Neil Druckmann confirmed Ish would not be in the series and as a game fan, I was probably most disappointed with this fact. Ish’s storyline of how he built a community out of loneliness and made it flourish was beautifully done in the game. In the series, there are huge nods to this, with people going underground on outbreak day for safety but meeting the same fate as Ish’s community. While I understand why the show couldn’t do much with this, it's brilliantly adapted to the show. It’s not forgotten, which was my fear, but it allows Ellie and Sam to truly bone, especially over The Savage Starlight comics. These little moments between Ellie and Sam add a bit of levity to the show. While they are being hunted, Ellie and Sam are allowed to be children, even just for a bit.
One of the aspects of the game I was skeptical about was the suburbs. It’s very heavy on gameplay in the game, so adapting it to a TV show would be difficult, but this episode just reinforced just how Druckmann and Mazin have delivered a masterclass in adaptation. Rather than the clickers and runners suddenly appearing out of nowhere, there is a reason for their sudden appearance in the suburbs. From the use of slow motion to Perry’s (Jeffrey Pierce) reaction to the bloater and the beautiful cinematography expertly makes the viewer feel the chaotic elements of the scene.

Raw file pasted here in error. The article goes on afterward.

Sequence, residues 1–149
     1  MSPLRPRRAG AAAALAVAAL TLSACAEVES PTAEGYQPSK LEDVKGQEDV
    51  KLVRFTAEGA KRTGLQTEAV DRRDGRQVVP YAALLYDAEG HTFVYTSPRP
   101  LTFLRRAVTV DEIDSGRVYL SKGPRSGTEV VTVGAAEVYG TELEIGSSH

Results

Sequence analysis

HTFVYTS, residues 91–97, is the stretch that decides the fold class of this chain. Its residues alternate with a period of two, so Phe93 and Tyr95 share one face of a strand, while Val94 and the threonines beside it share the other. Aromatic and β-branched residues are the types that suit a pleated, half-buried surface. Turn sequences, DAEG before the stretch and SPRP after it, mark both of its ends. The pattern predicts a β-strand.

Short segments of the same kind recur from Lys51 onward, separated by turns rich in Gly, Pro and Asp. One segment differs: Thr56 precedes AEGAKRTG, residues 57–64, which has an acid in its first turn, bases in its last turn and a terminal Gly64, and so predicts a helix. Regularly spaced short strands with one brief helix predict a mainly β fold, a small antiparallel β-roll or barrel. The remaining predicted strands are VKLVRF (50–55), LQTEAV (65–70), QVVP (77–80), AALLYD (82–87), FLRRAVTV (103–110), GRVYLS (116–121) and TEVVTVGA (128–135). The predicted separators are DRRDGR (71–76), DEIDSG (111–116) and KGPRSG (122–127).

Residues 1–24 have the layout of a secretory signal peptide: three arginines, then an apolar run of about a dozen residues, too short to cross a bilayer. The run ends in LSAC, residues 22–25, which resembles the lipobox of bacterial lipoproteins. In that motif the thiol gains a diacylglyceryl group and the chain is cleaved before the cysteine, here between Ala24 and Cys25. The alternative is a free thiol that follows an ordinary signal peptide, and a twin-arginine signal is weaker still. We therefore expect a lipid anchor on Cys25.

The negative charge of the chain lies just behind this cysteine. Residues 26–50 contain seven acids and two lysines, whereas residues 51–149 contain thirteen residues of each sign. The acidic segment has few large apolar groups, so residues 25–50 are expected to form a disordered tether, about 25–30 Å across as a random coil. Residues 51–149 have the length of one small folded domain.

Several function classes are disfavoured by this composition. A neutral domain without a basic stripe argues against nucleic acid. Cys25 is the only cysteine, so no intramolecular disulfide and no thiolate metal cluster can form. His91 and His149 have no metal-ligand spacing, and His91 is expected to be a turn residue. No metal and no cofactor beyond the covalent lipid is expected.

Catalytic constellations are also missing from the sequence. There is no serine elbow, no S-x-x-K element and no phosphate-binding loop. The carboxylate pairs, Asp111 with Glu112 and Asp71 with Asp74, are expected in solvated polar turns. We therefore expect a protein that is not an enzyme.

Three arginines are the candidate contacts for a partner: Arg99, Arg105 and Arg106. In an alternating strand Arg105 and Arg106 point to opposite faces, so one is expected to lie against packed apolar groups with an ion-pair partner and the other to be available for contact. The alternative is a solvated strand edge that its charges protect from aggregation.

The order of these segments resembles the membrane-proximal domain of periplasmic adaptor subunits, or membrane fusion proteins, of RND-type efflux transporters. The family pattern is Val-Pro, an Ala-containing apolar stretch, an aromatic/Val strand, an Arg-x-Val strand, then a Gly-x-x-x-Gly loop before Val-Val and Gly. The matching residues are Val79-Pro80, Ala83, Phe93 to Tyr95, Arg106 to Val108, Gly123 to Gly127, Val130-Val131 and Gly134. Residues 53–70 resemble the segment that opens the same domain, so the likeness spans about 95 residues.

Overall, episode 5 is superb in practically every aspect. Every single actor in the show is perfect for the world of The Last of Us, but Lamar Johnson and Keivonn Woodard steal the show. We see the world through a revolution. First, FEDRA killed innocent people to stop the infection from spreading, and we hear how for 20 years they raped and tortured people. In that world where FEDRA rules, it didn’t matter if you were a great person. Great, moral people don’t change; change in that world requires someone like Kathleen, but she is fuelled by vengeance and love. While Pedro Pascal and Bella Ramsey do take a little bit of a back seat, they are still impactful. Episode five truly showcases how everyone has come together to deliver another action-packed, emotionally charged episode that will have you begging for episode 6.
Final Score- [10/10]
Reviewed by - Leigh Doyle
Publisher at Midgard Times
Premiere Date: February 10, 2023, on HBO
Get all latest content delivered to your email a few times a month.
Bringing Pop Culture News from Every Realm, Get All the Latest Movie, TV News, Reviews & Trailers
Got Any questions? Drop an email to [email protected]